In contentious meeting, UA regents approve path to single accreditation - Must Read Alaska
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Tuesday, August 20, 2019
HomeThe 907In contentious meeting, UA regents approve path to single accreditation

In contentious meeting, UA regents approve path to single accreditation

By KOBE RIZK

In an 8-3 vote and after hours of discussion, the University of Alaska Board of Regents directed UA President Jim Johnsen to pursue a single-accreditation model for the UA system. The plan to implement single accreditation would presumably eliminate much of the administration at UA’s individual campuses and centralize system administration at one yet-to-be-determined location.

The detailed plan for implementation, which Johnsen will present to the board in September, will likely also include consolidating academic programs and schools (such as engineering, education, and business) and ramping up the university’s focus on online education.

Regents met in Anchorage Tuesday morning to continue discussions of the university’s future in the face of a 41 percent reduction of unrestricted general funds from the state of Alaska, amounting to a 17 percent to the system’s budget overall. Today’s meeting was the regents’ third special meeting to be held this month.

While the possibility of the Alaska Legislature partially restoring funding to the university remains, the governor’s veto power looms and university administrators had previously outlined to regents the increasing severity of cuts required with each passing month of inaction.

The university system’s three chancellors presented on option 2, a so-called “consortium model” between the three main campuses (UAA, UAF, and UAS) that would rely on inter-campus collaboration for cost-saving. In this model, the three main campuses would maintain their own separate accreditations as well as administrators such as vice-chancellors, provosts, and deans. A “leaner” statewide administration would have less control in the day-to-day operations of the system’s campuses.

While regents ultimately elected not to adopt this plan, they directed Johnsen to “work with the chancellors” to implement the new single-accreditation model.

Gov. Michael Dunleavy telephoned into the regents’ meeting in the midst of their budget and structural discussions. Dunleavy recalled his personal connection to the university (he received his master’s degree at UAF) and affirmed his support for the institution despite his veto of over $130 million in state funding.

The governor’s Office of Management and Budget Policy Director Mike Barnhill presented at length to the board about a proposed “step-down” deal in which this year’s reduction would be spread over two years, with an approximately $85 million reduction for FY20. Barnhill recommended that the board work to decrease “administrative overhead” across the system and only making reductions of academic programs as a last resort. It is unclear if the regents accepted that offer.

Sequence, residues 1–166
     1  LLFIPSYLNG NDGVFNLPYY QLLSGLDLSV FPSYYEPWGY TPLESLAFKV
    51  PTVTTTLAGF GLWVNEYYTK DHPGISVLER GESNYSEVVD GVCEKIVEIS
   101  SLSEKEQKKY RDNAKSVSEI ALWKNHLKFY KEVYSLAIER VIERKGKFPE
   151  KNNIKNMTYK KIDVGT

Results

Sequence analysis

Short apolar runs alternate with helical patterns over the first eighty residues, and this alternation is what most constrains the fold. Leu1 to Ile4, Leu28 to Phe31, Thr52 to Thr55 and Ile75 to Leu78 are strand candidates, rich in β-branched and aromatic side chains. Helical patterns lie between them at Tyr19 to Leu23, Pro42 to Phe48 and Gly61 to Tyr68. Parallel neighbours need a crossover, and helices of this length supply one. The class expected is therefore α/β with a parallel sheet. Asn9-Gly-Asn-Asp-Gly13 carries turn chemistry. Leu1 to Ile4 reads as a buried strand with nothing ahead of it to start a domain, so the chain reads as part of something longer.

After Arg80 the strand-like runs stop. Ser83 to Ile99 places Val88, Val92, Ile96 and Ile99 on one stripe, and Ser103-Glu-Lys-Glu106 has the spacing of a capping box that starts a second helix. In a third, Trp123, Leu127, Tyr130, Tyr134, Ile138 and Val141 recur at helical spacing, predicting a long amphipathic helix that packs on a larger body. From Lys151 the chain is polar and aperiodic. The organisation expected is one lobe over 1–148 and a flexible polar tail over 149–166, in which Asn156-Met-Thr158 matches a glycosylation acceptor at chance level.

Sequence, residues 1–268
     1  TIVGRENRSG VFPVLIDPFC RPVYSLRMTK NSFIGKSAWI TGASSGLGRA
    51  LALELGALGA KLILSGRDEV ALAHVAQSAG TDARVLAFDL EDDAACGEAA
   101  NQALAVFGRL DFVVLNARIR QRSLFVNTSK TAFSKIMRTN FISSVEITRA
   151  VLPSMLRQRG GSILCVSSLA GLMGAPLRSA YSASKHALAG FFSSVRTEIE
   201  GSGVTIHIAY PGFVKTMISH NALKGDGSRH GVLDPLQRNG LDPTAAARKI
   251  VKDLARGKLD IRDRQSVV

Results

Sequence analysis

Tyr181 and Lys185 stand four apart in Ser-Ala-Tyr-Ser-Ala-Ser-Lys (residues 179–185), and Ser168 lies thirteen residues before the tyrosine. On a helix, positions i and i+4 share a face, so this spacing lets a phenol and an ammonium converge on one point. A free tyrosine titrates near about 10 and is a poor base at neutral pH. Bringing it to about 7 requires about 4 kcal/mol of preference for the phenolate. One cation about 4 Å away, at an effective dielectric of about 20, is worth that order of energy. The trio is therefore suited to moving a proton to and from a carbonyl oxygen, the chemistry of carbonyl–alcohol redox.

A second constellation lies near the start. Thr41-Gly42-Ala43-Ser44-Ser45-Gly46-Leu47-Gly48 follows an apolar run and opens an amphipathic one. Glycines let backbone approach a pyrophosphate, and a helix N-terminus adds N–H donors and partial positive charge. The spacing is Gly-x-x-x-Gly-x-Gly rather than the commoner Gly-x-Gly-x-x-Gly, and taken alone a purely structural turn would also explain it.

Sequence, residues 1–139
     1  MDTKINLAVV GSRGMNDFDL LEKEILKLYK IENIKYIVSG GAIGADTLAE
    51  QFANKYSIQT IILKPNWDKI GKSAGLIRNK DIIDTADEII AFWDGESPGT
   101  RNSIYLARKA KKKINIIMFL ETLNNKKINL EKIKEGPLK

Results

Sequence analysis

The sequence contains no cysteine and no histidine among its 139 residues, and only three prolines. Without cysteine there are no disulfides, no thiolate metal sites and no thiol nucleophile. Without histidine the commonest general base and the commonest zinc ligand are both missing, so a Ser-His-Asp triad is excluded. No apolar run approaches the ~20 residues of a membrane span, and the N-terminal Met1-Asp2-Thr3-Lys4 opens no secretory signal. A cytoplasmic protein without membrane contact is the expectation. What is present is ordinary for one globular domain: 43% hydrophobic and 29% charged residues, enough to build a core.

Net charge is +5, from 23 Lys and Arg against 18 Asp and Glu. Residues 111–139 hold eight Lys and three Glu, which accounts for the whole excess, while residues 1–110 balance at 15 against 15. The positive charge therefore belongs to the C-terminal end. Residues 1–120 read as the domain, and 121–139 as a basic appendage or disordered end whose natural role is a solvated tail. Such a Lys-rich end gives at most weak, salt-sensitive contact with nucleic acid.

The regents’ next scheduled meeting is Sept. 12-13 in Juneau, though it is possible that another special meeting is held before that time.

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Latest comments

  • It’s time. Time to stop the bleeding. Budget cuts or not. The pork in this system has got to get sliced.

  • Finally, the UA is being forced to.make some sound, reasonable and prudent decisions. DUNLEAVY STRONG!!!

  • FINALLY, Executive Administration making management decisions so as to work within a specific budget and deliver a quality product. Of course, this comes with making tough decisions.

  • Step down approach? Bad idea! UA will spend half that much money and twice that in time mobilizing an army of lobbyists to try and prevent next years step down.

    • Once again, no matter what UA will do, or even propose, Scott is unhappy. Maybe Scott just wants to get rid OF UA.

      P.S. By the way, UA has been getting leaner and leaner from an administrative point of view for the past 4 years, if you haven’t noticed!

  • This is good. Credits should be interchangeable with a single core system. 3 colleges in 1 isn’t a good deal for anyone. Bureaucrats at heart always resist centralization and simplification.

    • I like this idea, it was my favorite.

      When I first came to Alaska, I found weird, if not say wrong to have 3 Campus for this state.

      I think it’s the best we can do, with people working with each other. Sure it won’t be a great time to be a student during the reaccreditation process, but I’m sure UA will end up to be much stronger. This may not please everybody in the state.

  • If I were a UA student, I would be transferring my credits ELSEWHERE STAT, before our university president drives it off the cliff.
    He has known these cuts were coming for years, AS HAS the legislature, they just keep whistling past the graveyard and banking on stealing evermore from the people who bother to work.

  • Johnson and a few of his staff need to be investigated and “fired” from the the University system. That guy has done a lousy job. Dunleavy is out of his mind to allow this to continue with Johnson and staff that put the university system in jeopardy. So to Governor Dunleavy…..grow up and get rid of the these people.

    • Tttt
      Johnsen and a few of his staff should not be fired. The Governor should be recalled.

  • This makes perfect sense for Alaska’s tiny population.

    Why did the UA system become such a behemoth to begin with?

    It’s certainly not justifiable from an economic standpoint!

    • You know Damon, it’s the good old story of every city want part of the UA pie.

      When I came to Alaska, I found quite a good idea to have the political capital in Juneau, the economic capital in Anchorage and the academic capital in Fairbanks. It makes some sense. With such a large state as Alaska, it’s nice to have a little bit of a capital near to your home.

      • When did you come to Alaska, Marc? Tell me, Marc, were you born and raised in the great state of California? Or Oregon? Your socialistic ideals will NEVER take root, here in Alaska. Go back, from whence you came. And please take Bill Whankee with you. “heheh”